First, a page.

The Juice & the Squeeze
Confidence Doesn’t Mean Changing Who You Are; It’s About Embracing Who You are 100%.
Real confidence is about embracing who you are 100%.
First dates are awkward. We get it, we do. You want to impress. You’ve put on your nicest garbs, picked a casual—but trendy—place to meet up, and had a pep-talk with yourself in the mirror. You’ve taken all the steps necessary to seem confident, and you’re only missing one thing: confidence.
You might be thinking, What if I make a joke and they don’t laugh? What if I grab a drink and the ice hits my face? What if my chair makes a farting-like noise, and even though I laugh and say it’s the chair, I can tell they don’t believe me? Well, maybe not exactly the last one, but you get the idea about pre-date jitters. It’s normal, if only there were some fool-proof way to impress your date and exude confidence, despite these jitters.
It’s the 21st century—grab your phone, do some Googling, ask the internet “how to be confident,” and you might get some advice like this: Stand tall, make eye contact, don’t fidget, speak slowly and clearly, and keep your hands visible.
In other words, act like you’re under arrest and trying to appear sober. Sexy!
Let’s be real, you’re not going to find any good “hacks” online to make yourself more confident. Confidence comes from knowing who you are, what you like, and what your values are—nobody online can tell you the things you should know about yourself. And if you don’t know these things, then you need to learn them. More importantly, you need to embrace them.
Sure, maybe you can “fake it till you make it,” but if you’re trying to establish a genuine connection with somebody, you shouldn’t be “faking it” at all.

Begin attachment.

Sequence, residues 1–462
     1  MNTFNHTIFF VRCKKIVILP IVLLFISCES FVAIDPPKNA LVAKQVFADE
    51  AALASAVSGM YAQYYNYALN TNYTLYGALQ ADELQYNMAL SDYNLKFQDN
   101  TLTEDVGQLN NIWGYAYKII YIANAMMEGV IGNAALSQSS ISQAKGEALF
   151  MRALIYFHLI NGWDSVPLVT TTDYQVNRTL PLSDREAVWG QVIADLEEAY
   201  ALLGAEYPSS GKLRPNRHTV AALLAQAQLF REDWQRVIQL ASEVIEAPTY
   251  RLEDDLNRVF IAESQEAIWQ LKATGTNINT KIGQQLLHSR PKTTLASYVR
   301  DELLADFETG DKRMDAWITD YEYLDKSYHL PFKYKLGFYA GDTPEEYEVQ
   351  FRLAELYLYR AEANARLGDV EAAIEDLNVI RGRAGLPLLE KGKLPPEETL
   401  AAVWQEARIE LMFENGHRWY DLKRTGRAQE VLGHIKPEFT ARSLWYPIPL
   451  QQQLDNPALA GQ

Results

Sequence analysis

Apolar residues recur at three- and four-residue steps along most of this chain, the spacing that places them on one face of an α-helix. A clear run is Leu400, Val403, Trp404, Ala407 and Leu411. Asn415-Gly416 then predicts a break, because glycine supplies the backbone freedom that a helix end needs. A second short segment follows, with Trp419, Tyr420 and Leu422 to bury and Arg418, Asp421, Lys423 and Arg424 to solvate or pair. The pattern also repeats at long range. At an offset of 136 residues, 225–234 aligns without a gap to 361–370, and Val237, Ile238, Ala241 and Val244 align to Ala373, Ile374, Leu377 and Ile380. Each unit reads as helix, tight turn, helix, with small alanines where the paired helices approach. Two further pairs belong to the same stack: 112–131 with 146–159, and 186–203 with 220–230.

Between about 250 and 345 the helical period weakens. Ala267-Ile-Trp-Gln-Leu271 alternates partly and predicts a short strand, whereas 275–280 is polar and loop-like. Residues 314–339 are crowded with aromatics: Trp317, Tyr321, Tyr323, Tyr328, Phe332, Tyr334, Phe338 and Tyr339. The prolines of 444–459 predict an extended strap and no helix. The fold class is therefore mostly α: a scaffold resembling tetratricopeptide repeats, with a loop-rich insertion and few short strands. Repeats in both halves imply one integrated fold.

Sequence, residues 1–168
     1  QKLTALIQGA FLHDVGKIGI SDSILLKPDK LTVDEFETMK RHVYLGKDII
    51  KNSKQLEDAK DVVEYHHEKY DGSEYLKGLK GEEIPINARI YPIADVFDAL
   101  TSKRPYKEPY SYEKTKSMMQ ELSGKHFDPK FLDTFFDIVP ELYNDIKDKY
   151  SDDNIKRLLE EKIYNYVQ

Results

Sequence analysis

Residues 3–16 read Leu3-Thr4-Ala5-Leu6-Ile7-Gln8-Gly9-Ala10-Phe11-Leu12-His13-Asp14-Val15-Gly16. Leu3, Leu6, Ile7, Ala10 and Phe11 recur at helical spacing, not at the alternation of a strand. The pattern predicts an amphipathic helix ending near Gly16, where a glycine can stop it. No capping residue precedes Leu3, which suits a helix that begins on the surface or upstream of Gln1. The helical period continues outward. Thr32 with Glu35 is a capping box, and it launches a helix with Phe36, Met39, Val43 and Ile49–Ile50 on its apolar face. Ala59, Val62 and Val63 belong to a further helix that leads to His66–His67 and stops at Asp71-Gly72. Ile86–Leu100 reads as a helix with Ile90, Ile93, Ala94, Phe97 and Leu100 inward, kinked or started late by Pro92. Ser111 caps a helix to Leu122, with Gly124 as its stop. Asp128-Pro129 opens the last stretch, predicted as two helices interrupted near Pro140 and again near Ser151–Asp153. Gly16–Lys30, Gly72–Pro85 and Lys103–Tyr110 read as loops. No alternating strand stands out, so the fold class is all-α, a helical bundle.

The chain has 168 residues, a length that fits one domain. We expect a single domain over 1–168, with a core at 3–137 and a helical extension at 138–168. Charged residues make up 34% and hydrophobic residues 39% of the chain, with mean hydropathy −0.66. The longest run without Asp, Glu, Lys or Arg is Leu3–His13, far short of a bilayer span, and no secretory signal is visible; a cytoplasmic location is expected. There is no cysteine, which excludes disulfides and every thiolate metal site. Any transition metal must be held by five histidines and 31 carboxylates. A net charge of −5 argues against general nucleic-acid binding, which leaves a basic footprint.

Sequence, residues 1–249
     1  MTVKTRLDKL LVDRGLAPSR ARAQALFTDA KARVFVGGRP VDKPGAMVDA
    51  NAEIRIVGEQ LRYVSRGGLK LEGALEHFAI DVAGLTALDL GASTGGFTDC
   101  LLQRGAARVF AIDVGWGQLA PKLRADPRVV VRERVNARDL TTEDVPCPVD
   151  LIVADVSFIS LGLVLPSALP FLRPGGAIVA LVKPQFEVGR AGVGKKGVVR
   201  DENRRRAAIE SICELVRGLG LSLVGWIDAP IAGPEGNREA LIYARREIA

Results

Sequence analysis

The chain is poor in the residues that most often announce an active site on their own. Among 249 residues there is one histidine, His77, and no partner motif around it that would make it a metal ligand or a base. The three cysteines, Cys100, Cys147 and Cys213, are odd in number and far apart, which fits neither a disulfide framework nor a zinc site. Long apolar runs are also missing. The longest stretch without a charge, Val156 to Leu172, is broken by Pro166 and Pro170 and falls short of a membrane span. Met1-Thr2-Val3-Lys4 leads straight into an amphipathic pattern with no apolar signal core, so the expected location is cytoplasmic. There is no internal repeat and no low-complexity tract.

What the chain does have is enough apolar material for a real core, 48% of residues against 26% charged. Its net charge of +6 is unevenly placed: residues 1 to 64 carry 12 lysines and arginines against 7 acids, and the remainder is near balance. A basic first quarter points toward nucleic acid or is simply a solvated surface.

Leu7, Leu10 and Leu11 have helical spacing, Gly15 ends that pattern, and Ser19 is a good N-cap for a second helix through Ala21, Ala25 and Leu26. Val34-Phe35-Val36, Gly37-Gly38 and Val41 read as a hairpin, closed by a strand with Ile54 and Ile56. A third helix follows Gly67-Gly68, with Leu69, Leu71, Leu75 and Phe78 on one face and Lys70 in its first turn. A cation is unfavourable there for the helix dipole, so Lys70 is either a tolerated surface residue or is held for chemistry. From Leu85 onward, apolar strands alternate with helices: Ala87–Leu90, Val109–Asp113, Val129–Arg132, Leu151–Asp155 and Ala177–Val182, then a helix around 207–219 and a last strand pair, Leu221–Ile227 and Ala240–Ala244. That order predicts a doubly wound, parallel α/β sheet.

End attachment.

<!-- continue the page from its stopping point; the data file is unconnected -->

Confidence isn’t having good posture or winning a staring contest; it’s being able to say, “This is me. I’m exactly where I’m supposed to be. Gonna let the light shiiine on meeeee.”
What can I say? Camp Rock is profound.
On a serious note, though, look at celebrities who successfully wield their “awkward charm:” Michael Cera, Tom Holland, Bo Burnham, John Mulaney, Aubrey Plaza, Jennifer Lawrence, Kristen Stewart—the list goes on because awkwardness is not the opposite of confidence. In fact, owning your discomfort and awkwardness can be an incredible display of confidence.
Michael Cera (Superbad, June) made the line “I’m in lesbians with you” endearing. Remember that.
It’s easy to pretend you’re someone else online. For a lot of people, it’s easier than being who they really are—but they struggle to carry that same, fake confidence into real life. Even if they don’t, at some point you have to exhale and shed the fake persona.
In person, you have to be you. Unedited, unfiltered you. It can be scary, but that’s not a bad thing. As Ted Mosby says, “If you’re not scared, then you’re not taking a chance. If you’re not taking a chance, then what the hell are you doing anyway?”
Love is a risk, always. Rejection hurts. If you’re going on a date, you’re taking a chance on someone else, diving headfirst into something that could end a million different ways. You need to be willing to take that same chance on yourself.
Loving and embracing yourself for all of your quirks, flaws, and eccentricities is just as scary as asking someone else to do the same. It’s also the most important thing you can do.
Don’t change yourself to feel more confident. Be true to yourself, and confidence will follow. You will be pleasantly surprised how that takes you in your dating life.